On Saturday evening the Toronto Mendelssohn Singers gave a very beautiful, carefully constructed and thought provoking concert. To start with it was at the Church of the Holy Trinity which, as most Torontonians will know, is a sort of social hub servicing the spiritual and material needs of Toronto’s homeless as best they can. All the more ironic as it sits in the shadow of that iconic temple of consumer capitalism the Eaton Centre.
It’s that time of year when departing members of the COC Ensemble Studio give their farewell recitals in the RBA. On Tuesday it was the turn of Midori Marsh and Alex Halliday and they did it in style. The programme was interesting and the music making excellent. Although they alternated sets it’s probably easy to deal with each singer in turn.
Mélodies Passagères is a new CD from Montreal based duo soprano Marianne Lambert and pianist Julien LeBlanc. Toronto folks may remember the latter as the music director/pianist for Against the Grain’s Pelléas et Mélisande a few years ago. The selection of songs; by Barber, Bizet, Delage, Delibes, Granados, Lavallée, Massenet and Paladihle, is intended to evoke escaping, journeying, dreaming and sensuality and it does that pretty well. Most of the pieces are not particularly well known though there are a few chestnuts like Bizet’s Les adieux de l’hôtesse Arabe and Délibes’ Les filles de Cadix.
The second set of reGENERATION concerts of the Topronto Summer Music Festival took place yesterday at Walter Hall. The song portion, unusually, consisted of 100% English language rep, mirroring the Griffey/Jones recital earlier in the wee. The first concert kicked off with tenor Eric Laine and pianist Scott Downing with five songs from Finzi’s setting of Thomas Hardy; A Young Man’s Exhortation. It was good. Laine has a nice sense of style and very good diction. The high notes are there though sometimes, especially at the end of a line, they don’t sound 100% secure. There was some quite delicate accompaniment from Downing too.
Last night’s Toronto Summer Music concert at the Church of the redeemer was headlined by Daniel Taylor, Charles Daniels and Steven Philcox but, somewhat to my surprise, also featured multiple fellows from both the art song and chamber music programmes.
The “headliners” kicked things off with Britten’s canticle Abraham and Isaac, based on one of the Chester Mystery Plays. I thought I knew this piece but soon realised I was confusing it with the setting of Owen’s The Parable of the Old Man and the Young in the War Requiem! It’s an interesting piece with a very medieval Catholic take on an Old Testament story. It was performed here with the delicacy and attention to detail I’d expect from these performers.
Samuel Barber’s Vanessa doesn’t get performed much and the recently released recording of the 2018 Glyndebourne production is the only video version available. It’s pretty interesting, if perplexing at times, and I’m not as convinced as many of the people interviewed in the “extras” portion of the disk that this is an “under-rated masterpiece”.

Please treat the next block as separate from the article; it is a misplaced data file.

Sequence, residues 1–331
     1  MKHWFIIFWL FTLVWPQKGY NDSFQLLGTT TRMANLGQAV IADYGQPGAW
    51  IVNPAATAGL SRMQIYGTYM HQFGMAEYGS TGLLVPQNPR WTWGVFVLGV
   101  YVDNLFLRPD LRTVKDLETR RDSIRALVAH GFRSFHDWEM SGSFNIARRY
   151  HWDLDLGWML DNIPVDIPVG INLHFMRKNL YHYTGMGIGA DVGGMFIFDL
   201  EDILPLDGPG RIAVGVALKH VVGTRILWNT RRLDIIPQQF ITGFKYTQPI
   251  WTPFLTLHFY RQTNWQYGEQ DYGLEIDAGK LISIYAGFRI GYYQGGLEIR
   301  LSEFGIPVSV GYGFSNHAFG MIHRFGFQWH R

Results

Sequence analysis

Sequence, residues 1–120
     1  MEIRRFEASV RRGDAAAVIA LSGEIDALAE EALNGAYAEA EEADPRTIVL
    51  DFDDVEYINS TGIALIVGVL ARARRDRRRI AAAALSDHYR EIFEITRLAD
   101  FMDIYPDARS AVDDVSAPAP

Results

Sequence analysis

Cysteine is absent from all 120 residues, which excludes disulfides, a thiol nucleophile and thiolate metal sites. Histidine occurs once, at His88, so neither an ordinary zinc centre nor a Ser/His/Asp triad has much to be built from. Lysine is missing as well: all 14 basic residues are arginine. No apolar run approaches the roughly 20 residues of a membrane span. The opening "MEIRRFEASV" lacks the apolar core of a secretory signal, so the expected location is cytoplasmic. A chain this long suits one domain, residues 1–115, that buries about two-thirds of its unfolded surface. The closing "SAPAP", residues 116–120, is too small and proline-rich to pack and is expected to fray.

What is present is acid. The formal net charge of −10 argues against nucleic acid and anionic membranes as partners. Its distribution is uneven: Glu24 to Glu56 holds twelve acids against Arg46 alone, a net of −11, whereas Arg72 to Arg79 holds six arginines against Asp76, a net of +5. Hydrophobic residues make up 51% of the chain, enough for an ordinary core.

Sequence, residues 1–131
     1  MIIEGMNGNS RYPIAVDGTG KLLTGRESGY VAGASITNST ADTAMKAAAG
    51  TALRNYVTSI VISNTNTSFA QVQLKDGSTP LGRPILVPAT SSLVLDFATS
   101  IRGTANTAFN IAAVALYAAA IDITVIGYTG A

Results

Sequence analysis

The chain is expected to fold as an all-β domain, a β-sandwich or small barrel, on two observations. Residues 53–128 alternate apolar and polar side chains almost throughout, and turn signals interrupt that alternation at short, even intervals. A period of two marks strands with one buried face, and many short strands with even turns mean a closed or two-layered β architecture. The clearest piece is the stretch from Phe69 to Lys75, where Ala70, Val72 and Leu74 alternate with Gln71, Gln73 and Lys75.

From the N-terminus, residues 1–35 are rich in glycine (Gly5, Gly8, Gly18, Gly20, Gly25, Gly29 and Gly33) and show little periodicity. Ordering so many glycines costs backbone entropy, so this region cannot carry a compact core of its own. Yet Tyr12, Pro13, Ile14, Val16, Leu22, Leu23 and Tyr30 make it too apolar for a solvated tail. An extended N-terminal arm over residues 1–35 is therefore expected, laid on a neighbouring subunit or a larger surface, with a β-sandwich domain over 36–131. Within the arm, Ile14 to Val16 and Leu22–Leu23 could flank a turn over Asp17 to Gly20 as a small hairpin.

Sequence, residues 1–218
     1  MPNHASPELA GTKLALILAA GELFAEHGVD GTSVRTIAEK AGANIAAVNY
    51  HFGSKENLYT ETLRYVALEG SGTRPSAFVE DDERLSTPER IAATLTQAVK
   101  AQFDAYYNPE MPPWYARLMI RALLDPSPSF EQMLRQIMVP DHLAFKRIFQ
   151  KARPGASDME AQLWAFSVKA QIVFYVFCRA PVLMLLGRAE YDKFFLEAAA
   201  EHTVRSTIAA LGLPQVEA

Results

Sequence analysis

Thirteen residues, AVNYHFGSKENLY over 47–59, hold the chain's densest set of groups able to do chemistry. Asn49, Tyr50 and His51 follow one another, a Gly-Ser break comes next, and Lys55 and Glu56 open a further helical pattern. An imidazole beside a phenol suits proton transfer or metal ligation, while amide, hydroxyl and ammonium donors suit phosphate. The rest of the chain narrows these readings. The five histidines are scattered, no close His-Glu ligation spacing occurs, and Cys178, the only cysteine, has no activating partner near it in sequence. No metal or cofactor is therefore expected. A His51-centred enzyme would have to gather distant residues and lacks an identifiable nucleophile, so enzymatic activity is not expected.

Anthony Dean Griffey and Warren Jones’ TSMF recital at Walter Hall last night was an all English language affair with offerings from both sides of the pond. IT kicked off with Frank Bridge’s Three Songs for voice, viola and piano with the viola part played on the cello by David Heiss. These might better be billed as for “Viola, piano and voice” as the viola part is much, much more interesting than the vocal line. Really it felt more like a piece of chamber music that happened to include a vocalist. Heiss played beautifully as did Jones and Griffey did what was to be done with the vocal line.
This afternoon I saw Gerry Finley and Julius Drake in recital at Koerner Hall. In other words, two supreme exponents of the art of lieder at the top of their game in a hall with near perfect acoustics. They performed Beethoven and Schubert settings of Goethe texts, some Tchaikovsky and some Rachmaninoff, which gave Julius ample opportunity to show off. They finished up with settings of folky things by Copland, Barber, Respighi and Britten. The last was The Crocodile; a very silly and funny piece I hadn’t heard before. The encore was by Healey Willans and Gerry gave a very nice plug for the Canadian Art Song Project. Insert standard list of adjectival phrases describing top notch singing and accompaniment. My humble scribing is not worthy.
Last night’s Decades series concert featured three works from the 1930s plus a sesqui. The sesqui, Andrew Balfour’s Kiwetin-acahkos; Fanfare for the Peoples of the North was definitely one of the more interesting of these short pieces. There were elements of minimalism combined with a nod to Cree/Métis fiddle music. Quite complex and enjoyable. It was followed by Barber’s rather bleak Adagio for Strings and the Bartók Music for Strings, Percussion and Celesta. It’s familiar enough fare and was well played by the orchestra under Peter Oundjian. I particularly enjoyed some of the weird percussion/celesta effects in the third movement of the Bartók. But really I was there for the second half of the program.